By Alonso Soto
Oil at a level that works for consumers, producers: Kachikwu
Nigeria will find it ‘a challenge’ to meet its curb obligation
The OPEC+ deal to curb oil production probably will be extended, “hopefully for another six months” beyond the end of June, Nigerian oil minister Emmanuel Kachikwu said.
The agreement has stabilized the oil market and easing the curbs could bring back excess supply, he told reporters at a conference in Malabo, Equatorial Guinea. However, Nigeria, which has pumped more crude than it pledged to under the deal, will find it challenging to implement its share of the cuts because of output from a new project called Egina, Kachikwu said.
The 173rd Organization Of Petroleum Exporting Countries (OPEC) Conference
Photographer: Akos Stiller/Bloomberg
The OPEC+ agreement has “been able to get prices to a point where both consumers and producers are at least a bit comfortable,” he said. “I would like to see that go on.”
The deal to reduce oil output by 1.2 million barrels a day, which helped crude rise by the most in a decade last quarter, expires at the end of June. While there’s general backing within the Organization of Petroleum Exporting Countries and its allies for an extension, Russia is said to remain undecided.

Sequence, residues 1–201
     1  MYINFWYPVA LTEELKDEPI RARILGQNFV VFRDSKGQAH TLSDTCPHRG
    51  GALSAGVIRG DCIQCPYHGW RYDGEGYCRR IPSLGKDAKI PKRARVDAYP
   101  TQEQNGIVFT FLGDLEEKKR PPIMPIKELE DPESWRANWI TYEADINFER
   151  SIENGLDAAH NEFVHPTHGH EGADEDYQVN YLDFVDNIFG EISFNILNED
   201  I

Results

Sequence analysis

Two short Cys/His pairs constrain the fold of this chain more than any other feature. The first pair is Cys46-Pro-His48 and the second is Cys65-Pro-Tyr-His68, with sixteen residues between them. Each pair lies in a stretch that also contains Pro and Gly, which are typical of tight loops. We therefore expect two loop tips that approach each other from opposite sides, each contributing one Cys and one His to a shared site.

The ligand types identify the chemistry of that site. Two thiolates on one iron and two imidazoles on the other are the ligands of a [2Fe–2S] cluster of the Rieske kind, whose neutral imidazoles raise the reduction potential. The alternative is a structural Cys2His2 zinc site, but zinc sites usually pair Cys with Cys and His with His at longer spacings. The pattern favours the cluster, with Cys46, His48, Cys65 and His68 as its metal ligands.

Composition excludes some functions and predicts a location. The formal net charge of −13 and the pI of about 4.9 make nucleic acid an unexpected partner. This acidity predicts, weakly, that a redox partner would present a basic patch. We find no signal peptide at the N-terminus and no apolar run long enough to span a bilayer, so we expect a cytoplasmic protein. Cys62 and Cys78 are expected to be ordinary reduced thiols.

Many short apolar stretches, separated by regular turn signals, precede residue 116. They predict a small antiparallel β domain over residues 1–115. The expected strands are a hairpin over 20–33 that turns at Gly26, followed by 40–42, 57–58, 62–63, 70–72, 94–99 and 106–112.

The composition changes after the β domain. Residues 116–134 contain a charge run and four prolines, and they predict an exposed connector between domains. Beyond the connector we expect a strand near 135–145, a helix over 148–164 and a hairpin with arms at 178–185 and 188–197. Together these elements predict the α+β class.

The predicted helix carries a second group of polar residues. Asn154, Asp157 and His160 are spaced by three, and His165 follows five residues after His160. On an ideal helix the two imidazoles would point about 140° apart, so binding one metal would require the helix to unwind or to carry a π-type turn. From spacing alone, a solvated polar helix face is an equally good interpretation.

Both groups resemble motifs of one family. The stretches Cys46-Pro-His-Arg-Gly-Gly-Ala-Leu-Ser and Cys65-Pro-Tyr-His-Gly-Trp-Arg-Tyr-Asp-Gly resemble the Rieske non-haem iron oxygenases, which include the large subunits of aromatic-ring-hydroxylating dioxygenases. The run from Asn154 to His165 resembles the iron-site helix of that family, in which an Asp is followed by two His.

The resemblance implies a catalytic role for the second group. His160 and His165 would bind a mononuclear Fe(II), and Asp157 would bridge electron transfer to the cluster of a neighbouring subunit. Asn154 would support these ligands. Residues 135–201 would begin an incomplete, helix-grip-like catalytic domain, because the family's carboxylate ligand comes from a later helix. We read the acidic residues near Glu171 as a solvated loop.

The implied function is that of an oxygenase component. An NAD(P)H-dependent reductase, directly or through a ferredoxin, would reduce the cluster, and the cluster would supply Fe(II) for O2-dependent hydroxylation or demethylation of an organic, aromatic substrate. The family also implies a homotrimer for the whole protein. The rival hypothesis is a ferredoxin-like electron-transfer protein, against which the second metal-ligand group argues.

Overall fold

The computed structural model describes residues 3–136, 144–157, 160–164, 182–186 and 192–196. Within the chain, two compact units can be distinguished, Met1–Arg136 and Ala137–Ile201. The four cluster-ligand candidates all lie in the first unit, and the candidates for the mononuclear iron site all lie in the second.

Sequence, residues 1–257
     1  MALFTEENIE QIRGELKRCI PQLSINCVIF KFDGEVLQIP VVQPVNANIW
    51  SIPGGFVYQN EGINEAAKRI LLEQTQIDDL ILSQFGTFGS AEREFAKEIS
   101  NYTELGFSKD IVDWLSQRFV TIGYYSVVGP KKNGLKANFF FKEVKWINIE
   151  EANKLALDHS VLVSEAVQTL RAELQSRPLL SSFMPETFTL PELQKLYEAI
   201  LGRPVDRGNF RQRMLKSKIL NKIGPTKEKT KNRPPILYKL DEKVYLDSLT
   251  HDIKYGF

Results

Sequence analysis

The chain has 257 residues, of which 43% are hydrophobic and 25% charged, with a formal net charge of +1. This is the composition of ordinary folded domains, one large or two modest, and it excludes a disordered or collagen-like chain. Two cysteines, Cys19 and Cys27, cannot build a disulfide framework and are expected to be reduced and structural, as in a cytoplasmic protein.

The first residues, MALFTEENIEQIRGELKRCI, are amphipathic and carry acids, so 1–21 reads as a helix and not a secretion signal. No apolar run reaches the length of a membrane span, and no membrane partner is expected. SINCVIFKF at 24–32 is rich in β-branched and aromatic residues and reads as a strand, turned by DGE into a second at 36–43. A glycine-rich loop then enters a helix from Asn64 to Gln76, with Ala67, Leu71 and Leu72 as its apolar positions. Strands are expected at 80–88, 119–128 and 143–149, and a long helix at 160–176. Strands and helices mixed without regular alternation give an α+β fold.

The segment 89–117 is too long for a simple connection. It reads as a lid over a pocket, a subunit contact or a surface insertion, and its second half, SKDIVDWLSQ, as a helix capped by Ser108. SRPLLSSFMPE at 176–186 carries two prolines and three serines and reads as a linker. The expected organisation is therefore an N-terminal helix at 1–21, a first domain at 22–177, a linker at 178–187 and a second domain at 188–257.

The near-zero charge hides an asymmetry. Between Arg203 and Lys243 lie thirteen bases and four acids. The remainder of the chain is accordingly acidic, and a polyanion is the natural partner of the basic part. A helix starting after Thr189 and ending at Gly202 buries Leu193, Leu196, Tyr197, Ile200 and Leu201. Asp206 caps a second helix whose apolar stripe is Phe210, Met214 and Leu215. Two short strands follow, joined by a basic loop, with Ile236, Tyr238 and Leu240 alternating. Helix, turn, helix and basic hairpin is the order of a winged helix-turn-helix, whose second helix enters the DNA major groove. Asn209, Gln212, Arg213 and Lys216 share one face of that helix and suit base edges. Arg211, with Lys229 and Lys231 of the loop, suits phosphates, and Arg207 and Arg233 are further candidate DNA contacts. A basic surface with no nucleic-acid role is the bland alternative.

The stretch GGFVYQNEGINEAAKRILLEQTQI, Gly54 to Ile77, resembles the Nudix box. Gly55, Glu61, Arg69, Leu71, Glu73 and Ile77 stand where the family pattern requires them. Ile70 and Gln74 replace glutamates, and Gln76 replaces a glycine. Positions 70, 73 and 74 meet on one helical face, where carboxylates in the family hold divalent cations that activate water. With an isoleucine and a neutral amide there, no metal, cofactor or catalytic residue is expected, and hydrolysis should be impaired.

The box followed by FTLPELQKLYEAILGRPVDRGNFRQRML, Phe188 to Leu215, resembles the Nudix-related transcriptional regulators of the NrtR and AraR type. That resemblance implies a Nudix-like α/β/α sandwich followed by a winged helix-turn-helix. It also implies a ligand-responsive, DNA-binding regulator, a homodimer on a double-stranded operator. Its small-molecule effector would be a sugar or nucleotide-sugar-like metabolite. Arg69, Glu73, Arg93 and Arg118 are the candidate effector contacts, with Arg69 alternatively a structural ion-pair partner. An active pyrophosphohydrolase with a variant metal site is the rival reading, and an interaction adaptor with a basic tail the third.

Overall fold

READ: OPEC’s Missing Meeting Shows Strain in Saudi-Russia Alliance
Nigeria actually boosted crude production by 90,000 barrels a day to 1.92 million last month, according to a Bloomberg survey. Kachikwu said the country is currently pumping about 1.7 million barrels a day. The country agreed to reduce output to 1.685 million barrels under the OPEC+ deal.
The Egina project, which started this year, will pump 150,000 barrels a day of crude at a peak rate but supply is “right now probably not there yet,” Kachikwu said.
The OPEC+ group’s compliance with the cuts will improve from about 90 percent in the months ahead, OPEC’s Secretary-General Mohammad Barkindo said at the same conference. He said Kachikwu has assured him the country is doing everything possible to meet its obligations.
A full meeting of ministers from OPEC and its allies is scheduled in June in Vienna.